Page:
The Phillies are converting the space at Citizens Bank Park previously occupied by McFadden’s bar into an open-air beer garden with a bar and brick-oven pizzeria, a sports pub, and an adjacent 120-seat Shake Shack restaurant.
It is expected to be ready for the Phillies' home opener against the Atlanta Braves on March 28.
In a nostalgic touch, the team also has recovered the 19-foot Liberty Bell replica that topped the 700 level at Veterans Stadium and will place it outside the new area, named Pass and Stow after John Pass and John Stow, who recast the actual Liberty Bell in 1753. Pass and Stow’s entrance will be outside the Third Base Gate along Pattison Avenue.
Plans for such amenities have been in the works for several years, said Phillies executive vice president David Buck.
“We have a great ballpark,” Buck said of the stadium, which will enter its 16th season. “It just needs a refresh.”
Last year, the team opened the Yard, an interactive kids experience in right field, and Boardwalk Eats, a boardwalk-theme concession area in left field.
With the end of McFadden’s lease coming up, Buck said, the team decided to take back the space. “We wanted to control everything ourselves,” he said. “They did a fine job, but when you went into McFadden’s, you weren’t in the ballpark.”
With Pass and Stow, “you’re now in our home,” Buck said. “You can walk in and move back and forth freely” among the different areas.
McFadden’s allowed entry without a game ticket. Not so at Pass and Stow, which will be open two hours before the start of each home game, and will remain open until postgame. Shake Shack will be open during normal home game hours.
Aramark will operate the Pass and Stow concessions. The beer garden will be set up beneath a 30-by-50-foot pergola inside the gate, next to a stand called Foundry Pizza and a covered bar serving craft and draft beers. This open-air destination will span 11,500 square feet, seat 250 fans, and have ample standing room. Additional features include fire pits, TVs, and picnic tables.
Pass and Stow also will include a large building set behind two garage doors that will be open in nice weather. It will house a 7,000-square-foot, family-friendly sports pub with seating for 150 people, TVs, and a split-flap board, similar to Amtrak’s board at 30th Street Station, that shows game updates including balls and strikes. Oat Foundry, a Bridesburg company, is developing the board.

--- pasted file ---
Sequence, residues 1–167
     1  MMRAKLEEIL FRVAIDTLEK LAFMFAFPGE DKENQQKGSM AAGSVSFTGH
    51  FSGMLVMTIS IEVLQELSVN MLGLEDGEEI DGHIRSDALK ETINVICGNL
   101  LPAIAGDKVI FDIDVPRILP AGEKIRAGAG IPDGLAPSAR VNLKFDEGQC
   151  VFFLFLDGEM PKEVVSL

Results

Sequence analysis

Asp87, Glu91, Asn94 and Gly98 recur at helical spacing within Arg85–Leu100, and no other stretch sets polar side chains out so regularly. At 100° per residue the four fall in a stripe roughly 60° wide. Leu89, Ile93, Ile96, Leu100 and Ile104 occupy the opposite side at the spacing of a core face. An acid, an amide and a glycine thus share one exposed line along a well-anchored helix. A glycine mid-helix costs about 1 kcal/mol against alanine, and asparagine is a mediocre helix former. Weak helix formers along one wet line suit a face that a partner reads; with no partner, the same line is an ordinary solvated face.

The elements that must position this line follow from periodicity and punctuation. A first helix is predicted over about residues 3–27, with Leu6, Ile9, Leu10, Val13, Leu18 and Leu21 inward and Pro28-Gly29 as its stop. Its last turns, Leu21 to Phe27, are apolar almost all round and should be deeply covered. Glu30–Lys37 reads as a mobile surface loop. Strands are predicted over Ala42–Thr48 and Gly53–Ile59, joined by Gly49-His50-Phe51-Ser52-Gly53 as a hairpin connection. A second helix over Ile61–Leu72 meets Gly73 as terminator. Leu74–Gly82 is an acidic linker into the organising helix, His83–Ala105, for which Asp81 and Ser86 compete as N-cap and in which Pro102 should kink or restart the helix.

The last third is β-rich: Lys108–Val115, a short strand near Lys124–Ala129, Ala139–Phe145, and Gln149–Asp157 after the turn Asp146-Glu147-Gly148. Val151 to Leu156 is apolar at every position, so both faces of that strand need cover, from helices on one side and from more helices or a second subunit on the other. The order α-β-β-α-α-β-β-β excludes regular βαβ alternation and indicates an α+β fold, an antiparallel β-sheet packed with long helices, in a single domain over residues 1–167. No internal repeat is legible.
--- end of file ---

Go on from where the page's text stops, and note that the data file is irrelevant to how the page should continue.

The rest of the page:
The Shake Shack will be the chain’s first full sit-down restaurant at a sports venue. Shake Shack will be adjacent to Pass and Stow and include TVs to catch game action.
Buck seemed particularly enthusiastic about the restored bell, which was the subject of research by the team.
Buck and James Trout, director of the marketing services and events for the Phillies, explained that this is one of two bells that were fixtures at Veterans Stadium.
One bell was installed for the 1971 stadium opening at the 400 level in center field and, with the animatronic mascots Phil and Phillis, were part of a display that rang after a Phillies player hit a home run. This bell, whose whereabouts the team said are now unknown, was the one hit by Phillies slugger Greg Luzinski off Burt Hooton in 1972. The entire display was dismantled in the late 1970s.
Buck and Trout said the bell that will be on display outside Pass and Stow was installed atop the Vet’s upper bowl over center field in 1983 as part of the team’s centennial celebration. In 2003, just before the stadium’s demolition, someone bought the bell. A Phillies employee tracked it down and bought it back, Buck said.
Numerous accounts published recently wrongly identify the bell that Luzinski hit, Buck and Trout said. Though it was a powerful shot that was still rising as it cleared the fence 408 feet from home plate and clanged the bell, the homer’s distinction in Phillies lore is significant more for its accuracy than for its distance.
The longest home run recorded at Veterans Stadium left the bat of the Pirates' Willie Stargell in 1971 as he clocked a Jim Bunning pitch into the 600 level in right field. A star marked the spot where it hit.